Wednesday, April 17, 2013

Mammograms: Are they really necessary?

I am a breast cancer survivor. I was diagnosed with stage one, invasive, estrogen receptor + breast cancer on November 22, 2011. 7 separate cancer cells were found. Only one of them was larger than a millimeter in diameter. I was fortunate to be in the 50% of the population where my cancer had not spread and I did not need to have chemo or radiation.

I had a double mastectomy, both of my ovaries and 6 lymph nodes removed from under my left arm on December 16, 2011.

I had my first base-line mammogram when I was 37. My ob-gyn ordered it and told me that if it was necessary, I should also have an ultrasound assist. Because I had large, dense breasts and I was pre-menopausal. I NEEDED an ultrasound assist.

I continued having annual mammograms until I was 43. My ob-gyn retired and because I had had a very trusting relationship with him, I made the decision to NOT GO to his partner that he left his practice to. I did not like his partner and I had no desire to drive the long distance to the hospital that he was affiliated with.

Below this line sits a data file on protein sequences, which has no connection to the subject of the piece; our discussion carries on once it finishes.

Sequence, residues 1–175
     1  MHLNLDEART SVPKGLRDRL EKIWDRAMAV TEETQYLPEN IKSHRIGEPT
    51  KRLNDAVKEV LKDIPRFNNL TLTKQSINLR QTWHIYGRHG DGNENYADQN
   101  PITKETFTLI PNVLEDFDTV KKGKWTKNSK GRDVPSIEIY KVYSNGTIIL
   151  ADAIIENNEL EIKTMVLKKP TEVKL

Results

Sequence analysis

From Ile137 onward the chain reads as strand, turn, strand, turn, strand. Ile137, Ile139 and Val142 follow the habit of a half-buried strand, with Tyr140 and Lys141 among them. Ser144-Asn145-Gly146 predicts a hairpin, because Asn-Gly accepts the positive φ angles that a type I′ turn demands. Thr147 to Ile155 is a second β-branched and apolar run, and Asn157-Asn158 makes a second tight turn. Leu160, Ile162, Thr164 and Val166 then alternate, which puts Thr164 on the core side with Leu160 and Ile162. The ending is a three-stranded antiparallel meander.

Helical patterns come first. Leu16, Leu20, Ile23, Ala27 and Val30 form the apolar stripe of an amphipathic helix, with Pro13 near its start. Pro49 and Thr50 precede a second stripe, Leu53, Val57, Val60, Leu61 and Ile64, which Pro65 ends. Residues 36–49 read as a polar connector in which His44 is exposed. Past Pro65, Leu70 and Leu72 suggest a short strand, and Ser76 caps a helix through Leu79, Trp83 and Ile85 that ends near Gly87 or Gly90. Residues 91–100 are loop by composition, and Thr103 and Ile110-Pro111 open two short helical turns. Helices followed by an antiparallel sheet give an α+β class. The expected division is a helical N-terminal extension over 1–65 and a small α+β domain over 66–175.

I also had no desire to find a new ob-gyn, but I KNEW that if and when it would become necessary, I would choose the Dr that one of my neighbors had recommended. This Dr had his office closer to where I live and I have had a positive experience with the hospital that he is affiliated with.

On October 19, 2011, I discovered an indentation under the nipple on my left breast and just to the right of it, I found a small lump. I called this new Dr to schedule an appointment 2 days later. I asked his receptionist if he was taking any new patients, she told me that he wasn't until after the first of the year. I "explained my situation." She put me on hold for about 10 minutes. (It felt like A LOT LONGER than that.) She told me that he could see me 1 week later.

It didn't surprise me that after my appointment with him that he ordered me to have a mammogram within the coming week. I asked him why I couldn't skip the mammogram and just have an ultrasound since I ALWAYS NEEDED to have on with my prior mammograms. He told me that the mammography tech would make that decision.

I had the mammogram 6 days later. Once again, I wasn't surprised that I needed an ultrasound.

After I had the ultrasound, the technician did not release me right away. She wanted to consult with the head of the radiology department first. She came back a few minutes later WITH him. He decided to take 4 more pictures.

I already shared the final outcome at the beginning of this blog. I can't help but wonder if the mammograms contributed to my cancer. Please read the following article and let me know what you think.